Image 5- Serving food- Religious festival (THIS ONE)

Director of religious affairs for Muslim Student Association Muhammad Awan passes out food to students at the first Festival of Religious and Cultural Unity at Memory Mall Wednesday. Many religious organizations attended, providing information and food on their specific religion or culture.  


UCF's religious organizations came together for the first Festival of Religious and Cultural Unity at Memory Mall Wednesday.

The Interfaith Council of Central Florida and Knights Hunger Coalition co-hosted the event. With over 13 organizations in attendance, each table provided students with food and information on their specific religion or culture. 

“This festival is a representation of creating a more informed student population to combat hate,” said Knights Hunger Coalition President Jason Young.

Religious groups such as the Muslim Student Association, Catholic Knights and more came to represent their religions. 

Not only were there religious organizations, but there was also representation for other cultures and causes such as the Asian Pacific American Coalition, Saudi Student Association and Cardiovascular Alliance.

Students interacted with each organization while tasting foods and learning about their religions and cultures.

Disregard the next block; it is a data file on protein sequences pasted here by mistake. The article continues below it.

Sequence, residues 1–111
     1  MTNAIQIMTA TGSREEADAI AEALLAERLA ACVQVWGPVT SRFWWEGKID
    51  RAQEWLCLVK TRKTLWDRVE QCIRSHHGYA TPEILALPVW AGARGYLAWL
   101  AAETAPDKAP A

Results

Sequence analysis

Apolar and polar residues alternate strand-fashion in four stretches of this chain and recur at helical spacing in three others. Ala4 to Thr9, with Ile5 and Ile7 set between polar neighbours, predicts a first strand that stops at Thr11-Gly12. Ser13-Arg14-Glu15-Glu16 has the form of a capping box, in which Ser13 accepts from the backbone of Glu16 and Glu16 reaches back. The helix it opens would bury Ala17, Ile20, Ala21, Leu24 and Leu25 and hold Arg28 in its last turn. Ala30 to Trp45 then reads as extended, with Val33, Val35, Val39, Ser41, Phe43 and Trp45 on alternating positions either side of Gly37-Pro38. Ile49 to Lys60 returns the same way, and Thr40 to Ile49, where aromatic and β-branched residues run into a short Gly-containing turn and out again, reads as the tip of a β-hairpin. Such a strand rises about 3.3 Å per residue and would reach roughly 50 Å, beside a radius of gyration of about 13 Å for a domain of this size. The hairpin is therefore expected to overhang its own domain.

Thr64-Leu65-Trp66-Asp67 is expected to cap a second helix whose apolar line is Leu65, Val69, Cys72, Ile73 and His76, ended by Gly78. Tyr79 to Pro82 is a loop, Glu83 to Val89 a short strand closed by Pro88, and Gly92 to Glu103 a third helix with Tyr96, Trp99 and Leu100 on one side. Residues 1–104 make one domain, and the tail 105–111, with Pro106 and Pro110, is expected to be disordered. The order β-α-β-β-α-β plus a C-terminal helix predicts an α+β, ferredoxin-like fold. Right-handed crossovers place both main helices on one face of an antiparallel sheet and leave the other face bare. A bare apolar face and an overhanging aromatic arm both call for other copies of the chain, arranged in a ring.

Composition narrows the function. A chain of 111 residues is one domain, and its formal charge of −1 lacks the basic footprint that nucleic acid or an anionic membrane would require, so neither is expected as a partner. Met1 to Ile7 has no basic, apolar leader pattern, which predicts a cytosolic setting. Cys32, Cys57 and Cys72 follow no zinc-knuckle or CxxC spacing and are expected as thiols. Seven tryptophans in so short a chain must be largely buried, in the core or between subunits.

In addition to food, there were also religious drinks such as a Pakistani juice referred to as Sattu. 

“Sharing all of these items is a great way to communicate and inform without speaking,” Young said.

Many students, such as freshman psychology major Gwen Lyons, appreciated being exposed to new ideas and diverse cultures. 

“This festival is amazing,” Lyons said. “I look around and see a sense of beauty within all the different people here. It as if we are all divided but united in a sense."

Student Government also helped with organizing the festival as a way to provide even more support for the festival's cause.

“We set a standard at UCF to focus on inclusion," SG president Kyler Gray said. "Part of the academic and collegiate experience is about learning. I am not of the Muslim faith, but we have a lot to learn from one another."

With this festival being the first ever at UCF, many students expressed what this festival means to not only them, but to the student body.

“Tabling is a good way to show a simple act of love and kindness to the student body," said Tim Duncan, with missionary for Catholic Knights. "I love it and it resonates with every organization here."

With more than 100 people in attendance, the festival offered many ways for students' interests about religion to be sparked.

“The festival had a large turnout and shows that the student body here at UCF is diverse," MSA Vice President Saarah Sherifi said. "There is an organization for any students' interest to work together to achieve the goal of equality, unity and peace."

The Interfaith Council will be hosting another festival Nov. 11 in the same location to continue the efforts of creating unity at UCF.

“The plan was to do it all under the largest American flag on campus," Young said. "Why? Because we are all one nation together.” 

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